Analysis of 45S rDNA promoter methylation and expression of rRNA transcripts in breast cancer
Yulug, I. G.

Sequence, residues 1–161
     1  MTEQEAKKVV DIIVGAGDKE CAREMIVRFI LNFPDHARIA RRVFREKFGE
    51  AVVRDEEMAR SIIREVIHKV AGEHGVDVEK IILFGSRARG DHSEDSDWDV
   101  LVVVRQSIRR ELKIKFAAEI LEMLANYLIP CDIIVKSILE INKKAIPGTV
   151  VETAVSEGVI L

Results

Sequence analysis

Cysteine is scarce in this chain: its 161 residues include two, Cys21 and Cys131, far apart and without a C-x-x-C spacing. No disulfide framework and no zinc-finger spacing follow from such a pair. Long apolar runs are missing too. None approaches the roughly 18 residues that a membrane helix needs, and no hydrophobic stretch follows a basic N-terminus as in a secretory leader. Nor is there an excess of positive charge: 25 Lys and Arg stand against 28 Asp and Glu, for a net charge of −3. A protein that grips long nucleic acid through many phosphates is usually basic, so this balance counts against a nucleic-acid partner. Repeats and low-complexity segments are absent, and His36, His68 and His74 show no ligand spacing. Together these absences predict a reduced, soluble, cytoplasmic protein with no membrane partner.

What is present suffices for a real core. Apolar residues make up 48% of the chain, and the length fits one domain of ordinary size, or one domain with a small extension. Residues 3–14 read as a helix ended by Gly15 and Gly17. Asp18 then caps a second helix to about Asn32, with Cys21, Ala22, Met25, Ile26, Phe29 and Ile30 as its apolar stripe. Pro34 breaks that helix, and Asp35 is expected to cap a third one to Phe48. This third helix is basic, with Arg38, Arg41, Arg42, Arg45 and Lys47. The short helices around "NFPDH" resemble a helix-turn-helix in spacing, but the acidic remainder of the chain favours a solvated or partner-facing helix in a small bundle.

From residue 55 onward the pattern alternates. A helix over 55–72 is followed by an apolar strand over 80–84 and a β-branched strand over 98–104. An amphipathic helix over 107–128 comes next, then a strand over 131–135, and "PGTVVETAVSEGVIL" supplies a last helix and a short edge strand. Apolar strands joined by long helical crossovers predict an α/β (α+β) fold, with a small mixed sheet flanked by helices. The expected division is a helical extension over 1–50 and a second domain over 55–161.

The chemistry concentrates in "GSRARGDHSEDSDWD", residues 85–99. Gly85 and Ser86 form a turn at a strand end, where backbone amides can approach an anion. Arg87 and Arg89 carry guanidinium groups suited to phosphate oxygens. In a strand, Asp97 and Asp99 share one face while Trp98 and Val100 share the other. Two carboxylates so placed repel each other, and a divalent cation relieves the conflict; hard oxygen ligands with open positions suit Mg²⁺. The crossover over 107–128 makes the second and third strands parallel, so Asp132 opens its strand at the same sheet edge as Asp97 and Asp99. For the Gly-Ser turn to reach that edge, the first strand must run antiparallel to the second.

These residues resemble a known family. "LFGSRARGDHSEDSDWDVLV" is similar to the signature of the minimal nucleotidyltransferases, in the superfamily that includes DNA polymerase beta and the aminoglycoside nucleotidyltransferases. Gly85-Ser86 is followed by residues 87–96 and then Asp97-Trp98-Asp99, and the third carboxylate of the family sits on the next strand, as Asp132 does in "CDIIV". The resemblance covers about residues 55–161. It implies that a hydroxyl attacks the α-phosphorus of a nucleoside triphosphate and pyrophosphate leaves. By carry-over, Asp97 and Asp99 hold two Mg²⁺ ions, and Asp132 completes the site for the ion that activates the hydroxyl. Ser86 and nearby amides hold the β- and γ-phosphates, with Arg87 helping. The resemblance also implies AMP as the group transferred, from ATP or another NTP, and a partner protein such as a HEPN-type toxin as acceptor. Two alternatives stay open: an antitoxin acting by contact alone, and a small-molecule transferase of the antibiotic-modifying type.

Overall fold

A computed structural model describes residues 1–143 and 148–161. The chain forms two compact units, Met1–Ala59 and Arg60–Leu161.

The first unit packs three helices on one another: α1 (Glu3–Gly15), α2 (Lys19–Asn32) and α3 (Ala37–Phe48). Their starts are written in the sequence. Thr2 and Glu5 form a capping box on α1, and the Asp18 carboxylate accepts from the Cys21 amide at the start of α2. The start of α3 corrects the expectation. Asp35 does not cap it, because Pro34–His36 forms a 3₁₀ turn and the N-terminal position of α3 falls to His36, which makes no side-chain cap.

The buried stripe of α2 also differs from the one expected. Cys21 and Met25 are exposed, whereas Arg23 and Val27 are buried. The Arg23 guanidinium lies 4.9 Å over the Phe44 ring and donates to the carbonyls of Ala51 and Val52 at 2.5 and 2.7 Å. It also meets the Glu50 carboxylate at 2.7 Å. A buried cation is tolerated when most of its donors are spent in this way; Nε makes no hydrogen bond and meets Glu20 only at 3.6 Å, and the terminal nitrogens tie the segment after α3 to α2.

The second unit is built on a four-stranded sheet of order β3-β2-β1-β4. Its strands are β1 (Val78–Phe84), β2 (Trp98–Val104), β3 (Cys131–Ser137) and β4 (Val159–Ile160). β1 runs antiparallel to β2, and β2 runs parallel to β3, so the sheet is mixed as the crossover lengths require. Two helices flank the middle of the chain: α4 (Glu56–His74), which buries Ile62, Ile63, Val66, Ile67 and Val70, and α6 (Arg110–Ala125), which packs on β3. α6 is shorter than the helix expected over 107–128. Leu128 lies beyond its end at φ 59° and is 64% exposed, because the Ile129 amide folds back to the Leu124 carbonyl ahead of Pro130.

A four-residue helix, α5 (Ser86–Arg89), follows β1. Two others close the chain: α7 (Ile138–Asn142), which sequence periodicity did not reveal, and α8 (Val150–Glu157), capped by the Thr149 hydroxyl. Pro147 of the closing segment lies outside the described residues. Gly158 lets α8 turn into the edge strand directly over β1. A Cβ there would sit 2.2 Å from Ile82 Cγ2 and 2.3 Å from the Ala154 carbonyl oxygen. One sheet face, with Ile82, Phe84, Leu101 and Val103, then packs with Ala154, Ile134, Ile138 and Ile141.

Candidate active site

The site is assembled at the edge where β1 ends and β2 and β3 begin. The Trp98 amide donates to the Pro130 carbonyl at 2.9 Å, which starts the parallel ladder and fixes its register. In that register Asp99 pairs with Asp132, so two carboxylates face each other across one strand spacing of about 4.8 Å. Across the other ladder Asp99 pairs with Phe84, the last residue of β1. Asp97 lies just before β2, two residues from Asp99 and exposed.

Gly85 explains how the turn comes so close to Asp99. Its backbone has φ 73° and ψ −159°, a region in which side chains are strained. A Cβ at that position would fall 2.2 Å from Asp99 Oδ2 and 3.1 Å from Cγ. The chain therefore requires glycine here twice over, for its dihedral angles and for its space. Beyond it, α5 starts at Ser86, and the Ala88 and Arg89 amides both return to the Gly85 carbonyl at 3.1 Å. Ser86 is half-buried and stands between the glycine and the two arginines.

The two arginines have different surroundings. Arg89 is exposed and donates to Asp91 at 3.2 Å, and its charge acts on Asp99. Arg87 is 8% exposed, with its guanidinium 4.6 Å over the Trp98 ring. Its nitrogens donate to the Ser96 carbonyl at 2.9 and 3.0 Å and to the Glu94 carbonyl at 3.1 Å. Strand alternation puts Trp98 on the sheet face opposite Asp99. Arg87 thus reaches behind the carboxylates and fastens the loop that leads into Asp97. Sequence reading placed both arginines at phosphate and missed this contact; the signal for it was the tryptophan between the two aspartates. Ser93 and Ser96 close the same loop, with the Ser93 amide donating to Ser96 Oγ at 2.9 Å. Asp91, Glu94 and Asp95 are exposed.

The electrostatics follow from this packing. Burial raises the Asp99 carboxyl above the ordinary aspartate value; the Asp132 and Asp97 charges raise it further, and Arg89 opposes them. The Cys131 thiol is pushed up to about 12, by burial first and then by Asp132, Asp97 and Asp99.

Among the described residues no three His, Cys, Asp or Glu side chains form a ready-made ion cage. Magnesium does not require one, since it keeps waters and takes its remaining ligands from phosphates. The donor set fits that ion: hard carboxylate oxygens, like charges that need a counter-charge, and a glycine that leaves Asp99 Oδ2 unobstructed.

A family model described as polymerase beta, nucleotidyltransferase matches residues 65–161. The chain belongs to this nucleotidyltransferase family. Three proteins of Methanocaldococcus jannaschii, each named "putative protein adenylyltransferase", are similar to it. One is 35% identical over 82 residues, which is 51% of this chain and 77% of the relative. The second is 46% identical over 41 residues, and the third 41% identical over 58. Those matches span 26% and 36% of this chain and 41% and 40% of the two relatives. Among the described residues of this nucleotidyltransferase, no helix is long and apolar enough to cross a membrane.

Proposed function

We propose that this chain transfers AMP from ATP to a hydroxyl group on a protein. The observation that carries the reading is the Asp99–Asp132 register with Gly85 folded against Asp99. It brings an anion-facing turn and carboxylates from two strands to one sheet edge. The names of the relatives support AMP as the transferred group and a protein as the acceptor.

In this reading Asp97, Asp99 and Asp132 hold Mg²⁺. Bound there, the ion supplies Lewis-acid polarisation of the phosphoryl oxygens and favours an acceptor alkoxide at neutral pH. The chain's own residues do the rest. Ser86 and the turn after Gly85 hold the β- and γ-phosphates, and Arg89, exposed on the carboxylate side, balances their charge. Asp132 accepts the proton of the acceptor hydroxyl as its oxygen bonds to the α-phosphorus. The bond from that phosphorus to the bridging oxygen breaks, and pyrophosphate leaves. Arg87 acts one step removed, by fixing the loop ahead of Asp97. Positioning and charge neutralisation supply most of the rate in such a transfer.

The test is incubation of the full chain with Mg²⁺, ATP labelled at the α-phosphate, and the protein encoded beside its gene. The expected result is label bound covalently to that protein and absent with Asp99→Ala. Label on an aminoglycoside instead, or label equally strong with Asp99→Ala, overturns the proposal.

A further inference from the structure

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Ribosome biogenesis has a central role in cell growth and proliferation that is usually disrupted in tumor cells by the inactivation of tumor suppressor genes and activation of oncogenes. Ribosomal RNA (rRNA) gene expression is one of the most important factors regulating ribosome production, which is controlled by CG rich 45S ribosomal DNA (rDNA) promoter. The effect of DNA methylation at 45S rDNA promoter on rRNA gene expression is a subject of controversy in the literature. In this thesis, a 434 bp region (-380 bp to +54 bp) spanning both upstream control element (UCE) and core promoter located in 45S rDNA promoter containing 54 CpGs was analysed in breast cancer. We also analysed the related rRNA expression levels in the same samples in order to clarify the role of 45S rDNA promoter methylation on rRNA gene expression. 45S rDNA promoter region was highly methylated (74%-96%) in all cell lines including non-tumorigenic breast cell line (MCF10A). Even though 45S rDNA promoter region of breast cancer cell lines are extensively methylated, rRNAs (18S, 28S, 5.8S and 45S ETS) were expressed independent of the heavy methylation. Expression levels of rRNAs are assessed either using housekeeping genes (ACTB, TBP, ACTB&TBP) or geometric mean of rRNAs (GM-rRNAs). We propose GM-rRNA normalization as a new method to identify relative expression differences between rRNA transcripts. Epigenetic drugs 5-Aza-2'-deoxycytidine (5-AZA) and Trichostatin A (TSA) were used to determine the effect of DNA methylation and histone acetylation on rRNA expression. Demethylation with 5-AZA resulted in an unexpected decrease in the expression of all rRNA. TSA treatment did not lead to any significant expression difference in cell lines. To better evaluate the effect of DNA methylation on the expression of rRNA transcripts we analysed the methylation status of 19 breast tumor and matched normal frozen tissue samples. The results showed that majority of the tumors (13/19) have significantly higher methylation levels than their normal pairs. Using the GM-rRNA as reference helped us to determine significant differences in the proportionate expression of rRNAs in these tissue samples. The 5.8S rRNA ratio was significantly lower whereas the 18S rRNA ratio was significantly higher in breast tumor samples. Furthermore, the 45S rDNA promoter methylation levels in normal breast tissue samples were negatively correlated with the18S rRNA ratio but this correlation was disrupted in breast tumors. Similarly, rRNA transcript levels were significantly correlated with each other in normal samples, were lost in tumor samples. It is clear that, there is a dysregulation both in rDNA methylation levels and spliced rRNA transcripts specific to breast tumor samples, which was not observed in normal breast tissues. rRNA gene expression is controlled by mechanisms other than promoter DNA methylation. Tumorigenesis may cause disruption of many control mechanisms that are required for proper rRNA expression, splicing and maturation, resulting in a dysregulation of the correlation between spliced rRNA expression levels, which should be investigated further.